I’ve been thinking a lot about mashups recently. I’ve been asking myself the question: as a user-experience designer, what happens when the experience I’ve designed gets usurped, or disintermediated, by people taking what they want of it and leaving the rest behind? What does that mean to me as a designer: i.e. what is it, then, that I should be designing??
I’ve half-started several blog posts about this, and then stopped when some distraction came up.
And then today, a day or two after everybody else, I hear about this:
O’Reilly Radar > Pipes and Filters for the Internet
Yahoo!’s new Pipes service is a milestone in the history of the internet. It’s a service that generalizes the idea of the mashup, providing a drag and drop editor that allows you to connect internet data sources, process them, and redirect the output. Yahoo! describes it as “an interactive feed aggregator and manipulator” that allows you to “create feeds that are more powerful, useful and relevant.” While it’s still a bit rough around the edges, it has enormous promise in turning the web into a programmable environment for everyone.
Yeah. Yahoo’s new service called Pipes.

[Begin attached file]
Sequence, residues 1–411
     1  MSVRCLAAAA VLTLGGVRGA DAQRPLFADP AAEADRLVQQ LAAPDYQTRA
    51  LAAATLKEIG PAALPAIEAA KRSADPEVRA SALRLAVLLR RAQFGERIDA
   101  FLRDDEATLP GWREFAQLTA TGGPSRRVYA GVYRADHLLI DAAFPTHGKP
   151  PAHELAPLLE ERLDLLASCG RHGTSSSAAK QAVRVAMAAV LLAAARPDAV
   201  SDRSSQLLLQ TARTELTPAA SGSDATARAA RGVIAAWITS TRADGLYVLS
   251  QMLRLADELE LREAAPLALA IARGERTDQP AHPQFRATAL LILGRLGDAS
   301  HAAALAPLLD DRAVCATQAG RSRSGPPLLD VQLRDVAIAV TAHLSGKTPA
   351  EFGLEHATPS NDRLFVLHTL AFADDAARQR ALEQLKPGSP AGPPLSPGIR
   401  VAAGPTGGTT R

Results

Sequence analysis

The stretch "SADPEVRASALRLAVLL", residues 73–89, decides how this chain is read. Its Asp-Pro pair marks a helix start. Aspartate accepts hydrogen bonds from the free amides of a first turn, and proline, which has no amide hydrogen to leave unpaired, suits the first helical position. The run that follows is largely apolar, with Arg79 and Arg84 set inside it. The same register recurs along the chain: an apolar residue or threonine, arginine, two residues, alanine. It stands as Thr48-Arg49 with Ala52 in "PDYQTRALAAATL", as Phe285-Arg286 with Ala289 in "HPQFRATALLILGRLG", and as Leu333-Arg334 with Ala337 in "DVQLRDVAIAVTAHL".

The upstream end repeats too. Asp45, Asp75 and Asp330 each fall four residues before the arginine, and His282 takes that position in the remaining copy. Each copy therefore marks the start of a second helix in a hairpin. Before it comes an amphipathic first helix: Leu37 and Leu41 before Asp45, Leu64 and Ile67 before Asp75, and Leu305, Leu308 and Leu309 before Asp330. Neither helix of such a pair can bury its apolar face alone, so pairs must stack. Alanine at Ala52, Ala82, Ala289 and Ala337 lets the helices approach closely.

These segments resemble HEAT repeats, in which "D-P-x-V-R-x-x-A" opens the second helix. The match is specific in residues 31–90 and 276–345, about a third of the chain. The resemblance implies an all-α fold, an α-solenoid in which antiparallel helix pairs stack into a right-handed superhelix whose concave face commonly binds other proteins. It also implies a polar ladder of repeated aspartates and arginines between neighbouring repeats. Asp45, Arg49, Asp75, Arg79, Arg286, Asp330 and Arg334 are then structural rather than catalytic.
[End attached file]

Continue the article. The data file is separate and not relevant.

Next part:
I know there’s tons of buzz about this, and I feel silly jumping on the Internet obsession of the week. But this really is big. I agree with Tim O’Reilly: it’s a milestone. It may not be the mashup service that ends up leader of the pack, just like Mosaic (or even Netscape) didn’t end up being the de facto browser.
But it underlines a key truth that’s becoming more and more clear. And it’s a bit of a paradox: in order to keep your audience’s interest, you have to relinquish control of that interest.
Are you “somebody?”
Let me start at 1997: I remember getting out of grad school and how it dawned on me in my first web-related job, that in the post-web world, not having a website was like not having your name in the phonebook. Remember Steve Martin in The Jerk? When he saw his name in the phonebook, he ran around screaming, “I’m somebody!” It wasn’t far from the truth: if you were a business, especially, the Yellow Pages essentially had an extortion scheme — if you weren’t paying to be in there, you might as well not exist. And as a private individual, you were essentially a hermit if you had no phone book listing. Why? Because it was how people found you… your phone number, address, everything.